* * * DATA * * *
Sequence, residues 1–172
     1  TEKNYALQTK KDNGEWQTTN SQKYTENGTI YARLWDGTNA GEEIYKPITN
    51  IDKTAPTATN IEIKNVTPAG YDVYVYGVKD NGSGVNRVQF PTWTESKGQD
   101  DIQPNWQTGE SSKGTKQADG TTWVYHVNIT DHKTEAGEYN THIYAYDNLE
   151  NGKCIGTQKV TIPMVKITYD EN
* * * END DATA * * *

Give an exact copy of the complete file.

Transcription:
Sequence, residues 1–172
     1  TEKNYALQTK KDNGEWQTTN SQKYTENGTI YARLWDGTNA GEEIYKPITN
    51  IDKTAPTATN IEIKNVTPAG YDVYVYGVKD NGSGVNRVQF PTWTESKGQD
   101  DIQPNWQTGE SSKGTKQADG TTWVYHVNIT DHKTEAGEYN THIYAYDNLE
   151  NGKCIGTQKV TIPMVKITYD EN